We first reviewed the popular Stokke Tripp Trapp high chair in 2009.
Then, it was unique in its design and price.
Now, 10 years on, we've just retested it.
We also just tested and reviewed two other wooden high chairs that you can adjust to grow with your child: the Safety 1st Timba and the Hauck Alpha+. Both of these are suitable for children aged from six months upwards - up to 10 years old with the Timba, and up to 90kg in weight with the Alpha+.
Read on to find out which of these convertible high chairs is best for you, and how the Stokke Tripp Trapp compares.
The Stokke Tripp Trapp was the first of what's now an ever-increasing clan of convertible wooden high chairs.
They're convertible because they can last from babyhood (usually six months old) right into adulthood.
The design of the Stokke Tripp Trapp has remained virtually unchanged since its launch in 1972. The advert for the first ever model is shown below.
You can adjust the height of the seat and footrest as your child grows.
Like many convertible high chairs, theTripp Trapp doesn't fold, but it's designed to slide under a dining table, just like a regular chair would.
We tested this Tripp Trapp using the additional Baby Set seat (£47) and harness (£29).
With a starting price of £178 for the chair on its own, you'll end up spending £254 with these two extras; four times the cost of the other two convertible high chairs we've just reviewed.
The Timba (£60) is a beech-coloured high chair with four seat-height positions, one tray position and plenty of choice for where you fix the footrest.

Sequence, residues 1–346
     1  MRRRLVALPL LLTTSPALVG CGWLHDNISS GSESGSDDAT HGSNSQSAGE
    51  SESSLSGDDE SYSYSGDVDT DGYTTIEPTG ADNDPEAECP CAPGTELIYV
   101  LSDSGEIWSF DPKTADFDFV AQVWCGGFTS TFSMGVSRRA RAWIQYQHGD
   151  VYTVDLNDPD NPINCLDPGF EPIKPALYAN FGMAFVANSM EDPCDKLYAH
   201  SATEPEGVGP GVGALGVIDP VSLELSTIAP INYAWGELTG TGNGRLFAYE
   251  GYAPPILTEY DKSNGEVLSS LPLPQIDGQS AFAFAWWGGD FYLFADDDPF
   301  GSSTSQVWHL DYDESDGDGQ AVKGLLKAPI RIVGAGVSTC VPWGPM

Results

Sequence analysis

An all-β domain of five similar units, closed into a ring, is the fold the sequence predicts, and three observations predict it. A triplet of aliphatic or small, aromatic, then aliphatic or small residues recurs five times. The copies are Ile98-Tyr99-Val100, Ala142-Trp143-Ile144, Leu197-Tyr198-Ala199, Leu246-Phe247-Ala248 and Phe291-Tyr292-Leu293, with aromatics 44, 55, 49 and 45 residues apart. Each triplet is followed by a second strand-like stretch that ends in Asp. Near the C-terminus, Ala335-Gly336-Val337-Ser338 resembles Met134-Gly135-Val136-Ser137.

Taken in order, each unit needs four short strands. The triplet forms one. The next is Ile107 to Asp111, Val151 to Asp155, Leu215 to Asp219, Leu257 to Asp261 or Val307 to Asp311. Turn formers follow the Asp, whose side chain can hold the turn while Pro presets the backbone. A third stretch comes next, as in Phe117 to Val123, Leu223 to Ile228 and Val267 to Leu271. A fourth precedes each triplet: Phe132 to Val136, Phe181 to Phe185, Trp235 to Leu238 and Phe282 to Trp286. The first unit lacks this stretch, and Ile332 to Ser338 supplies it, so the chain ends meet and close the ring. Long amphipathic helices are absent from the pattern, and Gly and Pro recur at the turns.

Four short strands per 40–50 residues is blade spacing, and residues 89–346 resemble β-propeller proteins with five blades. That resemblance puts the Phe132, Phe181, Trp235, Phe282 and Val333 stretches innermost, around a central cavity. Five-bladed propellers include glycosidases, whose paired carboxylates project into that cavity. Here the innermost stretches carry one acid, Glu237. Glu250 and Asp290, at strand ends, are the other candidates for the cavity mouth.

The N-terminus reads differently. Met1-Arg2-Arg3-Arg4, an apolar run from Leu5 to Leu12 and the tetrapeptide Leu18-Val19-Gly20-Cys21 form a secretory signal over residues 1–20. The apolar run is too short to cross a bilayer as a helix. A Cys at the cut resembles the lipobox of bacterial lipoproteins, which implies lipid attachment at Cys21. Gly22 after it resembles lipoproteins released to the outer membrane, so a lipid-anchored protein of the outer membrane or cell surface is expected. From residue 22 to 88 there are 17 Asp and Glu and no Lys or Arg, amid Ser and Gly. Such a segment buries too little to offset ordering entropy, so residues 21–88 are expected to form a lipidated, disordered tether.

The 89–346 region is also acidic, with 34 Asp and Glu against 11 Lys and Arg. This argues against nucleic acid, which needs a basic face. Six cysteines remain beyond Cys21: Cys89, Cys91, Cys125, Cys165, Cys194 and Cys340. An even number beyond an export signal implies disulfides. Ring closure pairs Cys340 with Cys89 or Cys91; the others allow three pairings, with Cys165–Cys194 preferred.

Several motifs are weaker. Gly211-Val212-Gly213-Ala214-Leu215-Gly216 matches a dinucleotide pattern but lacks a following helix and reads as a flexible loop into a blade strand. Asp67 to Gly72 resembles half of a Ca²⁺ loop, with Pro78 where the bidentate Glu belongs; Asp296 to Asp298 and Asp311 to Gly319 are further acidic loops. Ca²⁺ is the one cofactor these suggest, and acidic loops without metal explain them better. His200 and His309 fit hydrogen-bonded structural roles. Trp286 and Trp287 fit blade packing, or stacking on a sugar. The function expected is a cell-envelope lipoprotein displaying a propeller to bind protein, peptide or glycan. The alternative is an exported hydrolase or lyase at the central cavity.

Unlike with the Tripp Trapp and Alpha+, you can't sit on it as an adult, as it's got an age limit of 10 years.
It does have a tray and harness included as standard, which should save you some money compared with the Tripp Trapp.
The Alpha+ (£65) has been described as a 'grow-along' chair by manufacturer Hauck.
It's suitable from six months. Adults weighing up to 90kg can also sit on it.
This high chair doesn't include a proper tray, so you'll have to feed your child at the tap. You can buy an additional tray online for £35.99. What it does have instead is a wider belly bar/safety rail. But some testers found the safety rail got in the way when trying to put their child into the high chair.
It's not just the Stokke Tripp Trapp that have enduring appeal. The models below are some of the most popular high chairs that we've reviewed.
The Ikea Antilop high chair is a perennial favourite, possibly because of its£9 price.
We first tested the feature-filled Chicco Polly Magic in 2009. It's recently undergone a few changes and been relaunched as the Chicco Polly Magic Relax (£139).
We've retested it this year to see how it scores, and whether parents rate its range of features, including eight positions for height, four for recline and four for the tray, as well as a removable toy bar.
Despite being launched several years ago, the Graco Contempo is still a high chair that can rival newer models.
When folded shut it's just 21cm deep and 89cm high, which is small enough to slide under a standard kitchen counter. So if you have an awkward narrow space in your kitchen next to your fridge, for example, this can be put to good use